The pandemic created by Covid-19 has affected every facet of society, but its ultimate mark on real estate values has yet to be determined, says a BC Assessment representative.
Ramaish Shah said the full effect of the current pandemic will ultimately affect property values in Nelson and across the province, but the extent to which won’t be known until the figures are tabulated later this year.
He said the provincial organization has been “looking very closely” at the effect of the virus on the real estate market, but after delivering the latest assessment roll for Nelson and the province, he could not predict what it will be.
“There will be some appeals where people are bringing this (virus) into play over the next few months, but it’s still very early, in our experience with the Covid-19 pandemic, so I don’t know what the impact of that will be on real estate markets down the road,” he told city council at the April 20 committee-of-the-whole meeting.
“(I)t’s impacting everything we do as a society, the real estate part of it is going to be part of that puzzle.”
He said the real estate sales for the first three months of the year had been in the works before the virus erupted in Canada and are now complete, so the next few months will be the telling tale of the virus’ effect.
What is BC Assessment
BC Assessment develops and maintains real property assessments throughout British Columbia in addition to providing real property information.
BC Assessment maintains real property assessments in compliance with the Assessment Act which requires that properties be assessed as of July 1 each year.
To do this, BC Assessment produces assessment information annually to provide tax authorities with a tax base and other information collected about property.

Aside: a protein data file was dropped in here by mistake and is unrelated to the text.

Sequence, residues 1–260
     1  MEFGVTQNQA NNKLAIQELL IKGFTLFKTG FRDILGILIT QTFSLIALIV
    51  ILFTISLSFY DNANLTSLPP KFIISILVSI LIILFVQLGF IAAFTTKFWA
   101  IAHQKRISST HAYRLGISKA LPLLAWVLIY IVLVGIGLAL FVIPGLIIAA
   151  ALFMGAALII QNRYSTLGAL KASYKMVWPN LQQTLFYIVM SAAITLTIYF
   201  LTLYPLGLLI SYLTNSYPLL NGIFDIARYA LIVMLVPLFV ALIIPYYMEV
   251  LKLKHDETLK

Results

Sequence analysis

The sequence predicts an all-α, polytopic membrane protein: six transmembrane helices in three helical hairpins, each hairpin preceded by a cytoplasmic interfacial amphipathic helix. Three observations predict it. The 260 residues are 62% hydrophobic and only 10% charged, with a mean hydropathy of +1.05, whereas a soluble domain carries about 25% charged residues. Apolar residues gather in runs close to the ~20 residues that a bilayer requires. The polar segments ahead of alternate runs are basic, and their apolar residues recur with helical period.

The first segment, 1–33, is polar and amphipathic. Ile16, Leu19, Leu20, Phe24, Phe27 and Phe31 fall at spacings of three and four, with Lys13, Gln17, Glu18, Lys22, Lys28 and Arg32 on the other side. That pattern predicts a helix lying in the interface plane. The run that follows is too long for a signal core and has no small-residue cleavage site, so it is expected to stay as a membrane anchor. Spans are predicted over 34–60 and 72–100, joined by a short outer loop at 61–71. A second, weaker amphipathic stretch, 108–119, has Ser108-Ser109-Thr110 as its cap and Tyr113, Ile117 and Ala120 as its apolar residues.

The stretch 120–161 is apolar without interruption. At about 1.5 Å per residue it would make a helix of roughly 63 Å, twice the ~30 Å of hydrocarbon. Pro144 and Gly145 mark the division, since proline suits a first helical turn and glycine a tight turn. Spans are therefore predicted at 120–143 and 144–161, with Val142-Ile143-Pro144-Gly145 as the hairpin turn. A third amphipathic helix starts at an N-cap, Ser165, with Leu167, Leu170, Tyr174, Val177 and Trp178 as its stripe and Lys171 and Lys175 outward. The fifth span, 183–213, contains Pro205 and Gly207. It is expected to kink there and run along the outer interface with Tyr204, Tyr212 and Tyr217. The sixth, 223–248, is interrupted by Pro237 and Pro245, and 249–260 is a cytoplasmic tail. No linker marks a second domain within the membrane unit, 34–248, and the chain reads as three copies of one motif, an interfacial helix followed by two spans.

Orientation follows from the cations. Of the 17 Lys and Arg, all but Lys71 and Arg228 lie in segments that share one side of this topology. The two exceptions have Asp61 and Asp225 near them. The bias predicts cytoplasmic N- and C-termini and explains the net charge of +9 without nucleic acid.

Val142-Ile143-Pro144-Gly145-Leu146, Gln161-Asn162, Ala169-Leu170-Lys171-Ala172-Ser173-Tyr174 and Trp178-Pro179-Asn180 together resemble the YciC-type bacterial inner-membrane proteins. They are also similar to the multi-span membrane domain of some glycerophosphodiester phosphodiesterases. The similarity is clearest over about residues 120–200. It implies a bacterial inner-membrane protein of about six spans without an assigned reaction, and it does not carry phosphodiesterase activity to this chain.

The assessment information is the product provided to local governments and other taxing authorities containing all of the information on the individual assessments.
BC Assessment was established in 1974 as a non-partisan commission tasked with examining property assessment and taxation.
It operates independent of property taxing function and independent of provincial politics.
— Source: BC Assessment
The average value of a home in Nelson for 2020 — for the 4,760 “folios” contained within the city — was pegged at $588,617 by BC Assessment.
Nelson was divided into six neighbourhoods for the assessment, and of the four residential neighbourhoods, the highest average for a home was Fairview at $530,223 (1,712 folios).
Next was Uphill at $503,535 (1,508 folios), with Rosemont third at $427,851 (869 folios). The North Shore extension was fourth with $367,222 based on 72 folios.
The commercial core was averaged at $774,740 (553 folios) and the power plant extension was $6,697,187 with 46 folios.
Strata units — condominiums — went up a little more than single family homes and the commercial properties in Nelson, up to 10 per cent compared to five per cent for residential and commercial.
“And that’s reflected in the market in what we are seeing in terms of demand and selling prices relative to single family dwellings,” said Shah.
The city saw an increase in total properties by .5 per cent (4,760 properties), with a 4.3 per cent increase in total value from the 2019 roll to $2.8 billion. The total non-market change was an 18.5 per cent increase from the 2019 roll ($25.68 million).
Although total properties in the province rose by 1.06 per cent, the total value dropped from the 2019 roll by 2.5 per cent.
Market value of a home according to BC Assessment is the most probable price which a property should bring in a competitive market under all conditions requisite to a fair sale, the buyer and seller, “each acting prudently, knowledgeably and assuming the price is not affected by undue stimulus.”
The work of BC Assessment
BC Assessment provides an annual list of property values and identifies ownership, value, classification and exemptions for each property.